By Olivia Williams
12:15PM BST 23 Jul 2013
In her monthly column, Olivia Williams reflects on a summer spent juggling David Cronenberg and Sir David Hare.
I am spending the summer juggling The Two Davids, Hare and Cronenberg, who have taken two hugely different paths to their places in the Movie-Making Hall of Fame. Sir David, knighted for his state-of-the-nation political plays and beautiful screen adaptations, is a wordsmith with a passion for the nuances of film-making while Cronenberg, honoured by the Légion d’honneur and our own dear Queen with a Diamond Jubilee medal, is known for his pioneering work in the genre of 'venereal horror’ and his masterful realisations of tricky texts like Cosmopolis and A Dangerous Method.
I am alternating on the two sets; a couple of days in Nether Winchendon with Sir David, a week in a Toronto insane asylum for Cronenberg. A titled newspaper editor for Sir David, a pyromaniacal Hollywood mom for Cronenberg. However, the two men are not millions of miles apart in their working conditions. Both sets are calm and diligent, productive and creative. Cronenberg’s has a feeling of Zen monasticism, Hare’s the low hum of the rare books room in a groovy university library.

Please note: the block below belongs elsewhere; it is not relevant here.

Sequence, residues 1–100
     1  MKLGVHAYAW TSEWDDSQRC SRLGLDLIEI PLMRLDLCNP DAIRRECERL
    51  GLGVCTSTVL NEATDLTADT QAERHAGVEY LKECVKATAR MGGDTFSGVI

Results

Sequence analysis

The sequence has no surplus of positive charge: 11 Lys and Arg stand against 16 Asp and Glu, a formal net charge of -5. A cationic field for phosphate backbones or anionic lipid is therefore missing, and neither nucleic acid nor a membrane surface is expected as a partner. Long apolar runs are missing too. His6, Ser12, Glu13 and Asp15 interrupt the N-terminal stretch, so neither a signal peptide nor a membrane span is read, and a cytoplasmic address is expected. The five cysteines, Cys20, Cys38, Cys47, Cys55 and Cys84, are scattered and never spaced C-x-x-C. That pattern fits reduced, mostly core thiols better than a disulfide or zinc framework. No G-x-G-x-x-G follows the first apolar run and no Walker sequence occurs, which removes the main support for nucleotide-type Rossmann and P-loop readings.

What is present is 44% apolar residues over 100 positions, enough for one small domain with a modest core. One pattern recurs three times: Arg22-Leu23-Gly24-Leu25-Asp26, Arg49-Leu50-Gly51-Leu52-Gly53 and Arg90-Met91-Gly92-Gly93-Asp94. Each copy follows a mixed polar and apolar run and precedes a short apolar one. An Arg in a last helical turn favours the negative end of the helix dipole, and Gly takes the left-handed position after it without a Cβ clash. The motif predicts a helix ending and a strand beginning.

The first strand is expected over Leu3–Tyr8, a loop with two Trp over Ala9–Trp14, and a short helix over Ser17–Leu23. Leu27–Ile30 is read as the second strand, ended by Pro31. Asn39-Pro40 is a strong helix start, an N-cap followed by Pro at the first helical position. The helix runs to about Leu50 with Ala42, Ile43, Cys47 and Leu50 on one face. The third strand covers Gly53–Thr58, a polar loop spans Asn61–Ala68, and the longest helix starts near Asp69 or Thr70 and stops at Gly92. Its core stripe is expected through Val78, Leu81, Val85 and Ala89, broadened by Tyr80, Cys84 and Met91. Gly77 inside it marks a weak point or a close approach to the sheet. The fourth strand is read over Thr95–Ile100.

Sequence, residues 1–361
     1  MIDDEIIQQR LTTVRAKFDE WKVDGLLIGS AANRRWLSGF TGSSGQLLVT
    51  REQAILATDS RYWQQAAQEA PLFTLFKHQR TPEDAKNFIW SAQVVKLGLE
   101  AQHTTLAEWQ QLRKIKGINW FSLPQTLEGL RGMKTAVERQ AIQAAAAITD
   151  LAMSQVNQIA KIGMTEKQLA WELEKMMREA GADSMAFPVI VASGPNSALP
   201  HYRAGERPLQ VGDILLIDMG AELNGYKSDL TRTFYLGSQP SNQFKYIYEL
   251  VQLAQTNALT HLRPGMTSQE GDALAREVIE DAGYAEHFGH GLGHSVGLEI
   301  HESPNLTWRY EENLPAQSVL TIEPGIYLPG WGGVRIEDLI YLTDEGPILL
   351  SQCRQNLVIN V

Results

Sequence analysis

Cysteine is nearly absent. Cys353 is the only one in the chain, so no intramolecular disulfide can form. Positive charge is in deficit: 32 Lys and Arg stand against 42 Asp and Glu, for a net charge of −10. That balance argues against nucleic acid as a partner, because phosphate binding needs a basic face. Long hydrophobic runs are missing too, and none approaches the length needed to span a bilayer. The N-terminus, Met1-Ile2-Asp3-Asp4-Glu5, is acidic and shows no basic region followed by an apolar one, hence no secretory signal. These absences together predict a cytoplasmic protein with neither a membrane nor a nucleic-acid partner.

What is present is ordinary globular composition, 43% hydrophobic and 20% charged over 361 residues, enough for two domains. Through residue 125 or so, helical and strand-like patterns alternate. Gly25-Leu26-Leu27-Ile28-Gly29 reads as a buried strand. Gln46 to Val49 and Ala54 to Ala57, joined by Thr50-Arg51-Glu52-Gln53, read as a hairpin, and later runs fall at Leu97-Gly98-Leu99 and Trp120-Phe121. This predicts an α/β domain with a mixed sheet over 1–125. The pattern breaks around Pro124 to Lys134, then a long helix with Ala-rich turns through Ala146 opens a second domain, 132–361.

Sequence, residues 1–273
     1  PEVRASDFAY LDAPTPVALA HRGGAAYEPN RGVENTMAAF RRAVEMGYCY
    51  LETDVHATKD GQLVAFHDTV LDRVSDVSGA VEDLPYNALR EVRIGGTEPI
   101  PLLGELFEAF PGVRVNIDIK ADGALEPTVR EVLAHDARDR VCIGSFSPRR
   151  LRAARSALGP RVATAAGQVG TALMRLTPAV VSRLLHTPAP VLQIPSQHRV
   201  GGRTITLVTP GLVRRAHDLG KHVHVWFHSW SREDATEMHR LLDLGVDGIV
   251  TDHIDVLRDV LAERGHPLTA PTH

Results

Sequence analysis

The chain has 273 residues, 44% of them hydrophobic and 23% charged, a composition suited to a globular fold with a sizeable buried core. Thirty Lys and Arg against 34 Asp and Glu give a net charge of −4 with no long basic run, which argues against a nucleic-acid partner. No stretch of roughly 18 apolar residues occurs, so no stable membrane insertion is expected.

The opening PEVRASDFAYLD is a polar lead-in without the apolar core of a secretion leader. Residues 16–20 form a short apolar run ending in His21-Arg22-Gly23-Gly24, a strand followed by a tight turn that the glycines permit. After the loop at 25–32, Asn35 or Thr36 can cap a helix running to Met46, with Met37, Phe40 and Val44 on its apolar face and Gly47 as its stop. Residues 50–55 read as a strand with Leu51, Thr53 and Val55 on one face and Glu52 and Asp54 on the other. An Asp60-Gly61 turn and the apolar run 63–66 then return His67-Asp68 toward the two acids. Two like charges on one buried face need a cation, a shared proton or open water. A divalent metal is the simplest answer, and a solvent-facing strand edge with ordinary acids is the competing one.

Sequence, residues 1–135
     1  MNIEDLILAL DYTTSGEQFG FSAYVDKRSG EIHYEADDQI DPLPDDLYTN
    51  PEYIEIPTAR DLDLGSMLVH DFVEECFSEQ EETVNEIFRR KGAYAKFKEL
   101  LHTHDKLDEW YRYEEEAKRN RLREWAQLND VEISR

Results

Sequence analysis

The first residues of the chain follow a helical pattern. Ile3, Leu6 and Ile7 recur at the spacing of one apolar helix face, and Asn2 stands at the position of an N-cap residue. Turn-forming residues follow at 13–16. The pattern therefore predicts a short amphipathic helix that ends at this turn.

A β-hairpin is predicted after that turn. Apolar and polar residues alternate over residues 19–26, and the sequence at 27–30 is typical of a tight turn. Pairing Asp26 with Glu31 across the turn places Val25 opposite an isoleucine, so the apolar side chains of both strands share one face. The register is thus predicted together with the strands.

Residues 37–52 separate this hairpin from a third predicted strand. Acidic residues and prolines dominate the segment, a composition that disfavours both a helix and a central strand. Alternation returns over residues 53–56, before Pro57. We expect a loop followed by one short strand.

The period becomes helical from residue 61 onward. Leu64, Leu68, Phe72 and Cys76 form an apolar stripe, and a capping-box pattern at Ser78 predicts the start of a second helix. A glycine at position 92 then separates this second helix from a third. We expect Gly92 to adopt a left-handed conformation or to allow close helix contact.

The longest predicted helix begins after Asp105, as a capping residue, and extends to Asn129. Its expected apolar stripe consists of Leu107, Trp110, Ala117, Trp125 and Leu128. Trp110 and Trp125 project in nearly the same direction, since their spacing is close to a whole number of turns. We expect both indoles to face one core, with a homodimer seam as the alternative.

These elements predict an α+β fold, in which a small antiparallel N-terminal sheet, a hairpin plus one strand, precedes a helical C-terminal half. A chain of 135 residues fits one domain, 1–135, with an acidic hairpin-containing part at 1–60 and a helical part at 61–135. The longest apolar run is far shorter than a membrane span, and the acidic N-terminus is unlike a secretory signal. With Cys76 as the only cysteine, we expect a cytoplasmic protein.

Contrary to what you might expect from an auteur who has depicted some of the most dysfunctional aspects of human congress, Cronenberg’s set-up is a family affair. His sister designs the costumes, his daughter, Caitlin, takes the still photographs. As a parent, I’m encouraged to find an unconventional career choice hasn’t resulted in family breakdown and teenage delinquency, so over lunch I ask Caitlin how her father instilled discipline. She recalls he said it was fine for her to have as many piercings as she pleased, wherever she pleased, as long as he could film it – and it was an effective deterrent.
So when I get home and my children ask if they can re-enact the scene from The Parent Trap where one twin attempts to drown the other in a water trough, I say, “Only if I can film it”. The result? I have a pretty good remake of The Parent Trap on my iPhone and a very wet bathroom. Guess it doesn’t work every time…
I have discovered that unspoilt natural loveliness is still to be found three hours north of Toronto. As I took my morning skinny-dip in Lake Muskoka I couldn’t help abbreviating John Donne’s To His Mistress Going To Bed:
“Oh my America, my new-found-land/ How am I blessed in this discovering thee!”
Donne aficionados will tell me that I have no understanding of metaphor; geographers, that I am in Canada, not America, and Ontario, not Newfoundland. But, in my defence, this heavenly “land” is “new-found” to me and, like all good metaphors, Donne’s cuts both ways.